Public transportation is plentiful and my sister and I took trains, busses, Uber and cabs. My biggest gripe is that stamps and letter boxes are nearly impossible to find here. 

Mirambling Muses: Cairns, Australia

I had so much fun in Cairns that I wanted to share my favorite cheap, free, local, sustainable, inspirational and/or must-not-miss things to do there. It's incredibly tourist and backpacker friendly, boasting tons of hostels, rentals & hotels and there is free community wifi in several spots throughout the city. The main part of town is relatively compact and easy to walk to all of the locations listed below. Oh and one last tip: the locals drop the i and the r pronounce it like cans

7. Snoogie's Vegan/Vegetarian Restaurant 

This gem is a bit hard to find, tucked away in the Main Street Arcade (82 Lake Street) a bit north of Gilligan's. I found out about it myself after chatting up a local shop owner after lusting after her lunch. It's pretty much the most affordable and delicious healthy food and juice bar you'll find in Cairns. I really wish I'd discovered it sooner because this was my favorite food place. And I'm not alone; it's ranked #1 out of 381 restaurants in Cairns based on its 42 glowing reviews on Trip Advisor

6. Cairns Regional Gallery

An eclectic Art Gallery with a variety of exhibitions where you can escape the sun or the rain and see lots of work from Aussie artists. Admission is only $5 per adult and they're open 7 days a week. Or just visit the shop which offers a unique collection of design, crafts and jewelry by local and national artisans. You'll find much better souvenirs and gifts than the generic, tacky tourist shops you'll find everywhere else. 

Image Source: Trip Advisor

Image Source: Trip Advisor

5. The Night Market

Located 71-75 on the Esplanade, the quirky Night Market is not to be missed! There is a self-serve food court serving up a variety of Asian favorites, hair and nail services, lots of souvenir shops and the famous $15 massages. You can find everything from locally crafted clothing & jewelry to custom airbrushed hats to postcards to kangaroo scrotum keychains. Shops are open 5-11 PM, Food Court from 10 AM - 11 PM and Massages from 12 noon - 11 PM. 

Note: I do not endorse the sale nor purchase of these. I just needed pictorial proof of their absurd existence. 

Note: I do not endorse the sale nor purchase of these. I just needed pictorial proof of their absurd existence. 

4. The Esplanade

A super fun and free place to hang out, situated along 2.5 km of the Cairns coast. The lagoon is a free, public swimming pool, there's a boardwalk for exercise and/or people watching, plenty of open grassy areas and playgrounds and free community wifi. I often saw street performers and lots of people relaxing with a book or enjoying a picnic. If there are any events or festivals going on, they'll most likely be here. There are some free Active LIving classes you can take advantage of as well. I participated in yoga on Fridays at 6:30 AM.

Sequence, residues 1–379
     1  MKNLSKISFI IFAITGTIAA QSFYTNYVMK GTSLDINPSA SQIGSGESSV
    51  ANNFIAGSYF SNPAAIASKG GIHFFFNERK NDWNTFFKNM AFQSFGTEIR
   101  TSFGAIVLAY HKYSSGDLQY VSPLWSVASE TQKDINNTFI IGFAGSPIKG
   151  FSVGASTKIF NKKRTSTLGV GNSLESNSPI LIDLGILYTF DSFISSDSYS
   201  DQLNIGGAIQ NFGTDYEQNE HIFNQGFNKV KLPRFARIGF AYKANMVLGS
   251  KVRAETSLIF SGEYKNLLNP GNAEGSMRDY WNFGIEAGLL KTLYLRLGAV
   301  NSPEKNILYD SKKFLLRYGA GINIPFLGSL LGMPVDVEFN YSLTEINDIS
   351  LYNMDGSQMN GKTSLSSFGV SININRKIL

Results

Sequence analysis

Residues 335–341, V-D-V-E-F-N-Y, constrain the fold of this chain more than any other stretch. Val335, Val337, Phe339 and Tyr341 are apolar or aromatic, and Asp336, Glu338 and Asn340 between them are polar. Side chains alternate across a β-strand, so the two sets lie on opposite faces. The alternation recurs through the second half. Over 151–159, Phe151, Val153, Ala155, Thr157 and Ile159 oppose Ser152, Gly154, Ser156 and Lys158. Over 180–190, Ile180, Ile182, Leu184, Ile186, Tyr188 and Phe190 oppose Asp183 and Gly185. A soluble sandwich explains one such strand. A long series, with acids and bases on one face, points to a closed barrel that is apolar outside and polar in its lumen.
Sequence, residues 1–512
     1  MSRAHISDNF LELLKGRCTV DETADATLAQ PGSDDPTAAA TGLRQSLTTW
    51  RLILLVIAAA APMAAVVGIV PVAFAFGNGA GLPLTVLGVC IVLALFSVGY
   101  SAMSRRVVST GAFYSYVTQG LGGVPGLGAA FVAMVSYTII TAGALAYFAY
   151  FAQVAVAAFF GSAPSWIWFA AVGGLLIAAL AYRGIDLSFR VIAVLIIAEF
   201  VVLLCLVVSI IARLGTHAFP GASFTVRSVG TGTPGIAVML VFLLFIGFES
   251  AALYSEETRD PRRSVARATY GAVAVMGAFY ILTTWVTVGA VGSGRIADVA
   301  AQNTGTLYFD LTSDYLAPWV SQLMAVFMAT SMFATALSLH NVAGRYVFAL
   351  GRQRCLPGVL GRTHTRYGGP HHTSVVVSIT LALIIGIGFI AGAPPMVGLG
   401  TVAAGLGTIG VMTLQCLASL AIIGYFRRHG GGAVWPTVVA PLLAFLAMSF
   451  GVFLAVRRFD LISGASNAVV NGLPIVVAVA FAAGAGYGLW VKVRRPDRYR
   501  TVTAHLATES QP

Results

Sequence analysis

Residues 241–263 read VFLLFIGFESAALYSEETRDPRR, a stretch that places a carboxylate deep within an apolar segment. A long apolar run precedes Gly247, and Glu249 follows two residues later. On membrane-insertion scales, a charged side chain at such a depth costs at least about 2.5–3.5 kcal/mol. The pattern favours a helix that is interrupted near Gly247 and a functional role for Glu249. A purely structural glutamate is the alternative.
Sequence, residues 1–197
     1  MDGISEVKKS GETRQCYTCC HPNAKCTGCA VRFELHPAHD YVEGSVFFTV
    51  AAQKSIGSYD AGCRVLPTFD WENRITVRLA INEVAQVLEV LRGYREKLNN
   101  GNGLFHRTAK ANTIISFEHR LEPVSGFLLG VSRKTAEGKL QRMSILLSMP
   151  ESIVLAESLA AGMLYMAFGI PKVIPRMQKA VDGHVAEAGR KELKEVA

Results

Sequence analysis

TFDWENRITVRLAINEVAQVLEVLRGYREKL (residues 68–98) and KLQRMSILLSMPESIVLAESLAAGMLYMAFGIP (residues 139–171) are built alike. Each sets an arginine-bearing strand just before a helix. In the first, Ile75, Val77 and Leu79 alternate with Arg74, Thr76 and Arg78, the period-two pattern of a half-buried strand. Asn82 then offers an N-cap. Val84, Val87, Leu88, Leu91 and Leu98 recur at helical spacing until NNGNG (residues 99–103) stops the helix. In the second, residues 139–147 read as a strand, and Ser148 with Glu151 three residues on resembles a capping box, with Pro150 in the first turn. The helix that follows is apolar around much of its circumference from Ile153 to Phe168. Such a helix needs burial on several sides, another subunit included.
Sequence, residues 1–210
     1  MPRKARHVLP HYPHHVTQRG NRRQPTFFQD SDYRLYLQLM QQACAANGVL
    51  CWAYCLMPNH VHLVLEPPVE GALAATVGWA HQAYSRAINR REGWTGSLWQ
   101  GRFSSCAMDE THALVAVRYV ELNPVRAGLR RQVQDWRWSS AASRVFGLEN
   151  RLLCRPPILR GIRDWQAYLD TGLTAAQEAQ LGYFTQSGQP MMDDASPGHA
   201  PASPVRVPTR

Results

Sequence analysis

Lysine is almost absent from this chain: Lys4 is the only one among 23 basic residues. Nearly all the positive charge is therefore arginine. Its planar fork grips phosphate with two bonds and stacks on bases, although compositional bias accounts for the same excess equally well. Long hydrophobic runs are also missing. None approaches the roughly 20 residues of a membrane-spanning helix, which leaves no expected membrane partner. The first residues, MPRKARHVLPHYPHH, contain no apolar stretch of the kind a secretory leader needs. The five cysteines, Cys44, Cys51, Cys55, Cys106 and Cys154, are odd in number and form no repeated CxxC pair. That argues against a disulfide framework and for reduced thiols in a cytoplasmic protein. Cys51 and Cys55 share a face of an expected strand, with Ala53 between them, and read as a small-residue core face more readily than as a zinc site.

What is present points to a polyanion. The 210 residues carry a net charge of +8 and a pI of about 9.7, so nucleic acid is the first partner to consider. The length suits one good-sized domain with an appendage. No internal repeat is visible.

The Lagoon

The Lagoon

3. Graff Alley

The largest concentration of Street Art I could find in Cairns. Located off of Grafton Street almost across from Gilligan's (the biggest and most infamous hostel in the city). Amongst all the murals, there's also a rather popular coffee shop called Caffeind and the Alleyway Paint & Skate shop. 

2. Rusty's Markets

Great place to buy local groceries or grab a bit to eat. I found all kinds of foreign fruits I can't get back home and I found the stall owners are really friendly. There's also a fresh juice bar and reflexology & thai massage as well as jewelry and clothing for sale. However, it's only open on the weekends; Friday & Saturday 5 AM - 6 PM and Sunday 5 AM - 3 PM. (Also located just past Gilligan's on Grafton Street.) 

1. The Great Barrier Reef

The harbor is packed with boats that will take you to see and snorkel the Great Barrier Reef. I can recommend Passions of Paradise ($159/adult + $10 reef tax) since that's the eco-certified boat that took me out to discover their natural treasures. But there are other sustainable options like the Reef Daytripper ($124/adult + $15 reef tax) and Ocean Free Green Island & Reef Pinnacle Tour ($190/adult includes reef tax). There's a full list of options on the Cairns Visitor Centre website


Random Road Trip (Bush Week)

Monday was going to be a laid-back, relaxing day. Until I found out about Bush Week. What is this Bush Week Festival, you ask? Well according to the website, it’s a week long celebration of art, music and lifestyle that happens only once every other year at a camp site in the rainforest in far north Queensland. In reality, it was more of a mud-covered hippie fest. But more about that later. 

I had nothing else planned for my last week in Cairns except a day snorkeling on the GBR (Great Barrier Reef), which was completely flexible. Once I found out about the festival, I decided I had to go. I was kind of annoyed because the site was just above Cape Tribulation, where I had just spent the previous weekend and returned from there on a tour bus just the previous night.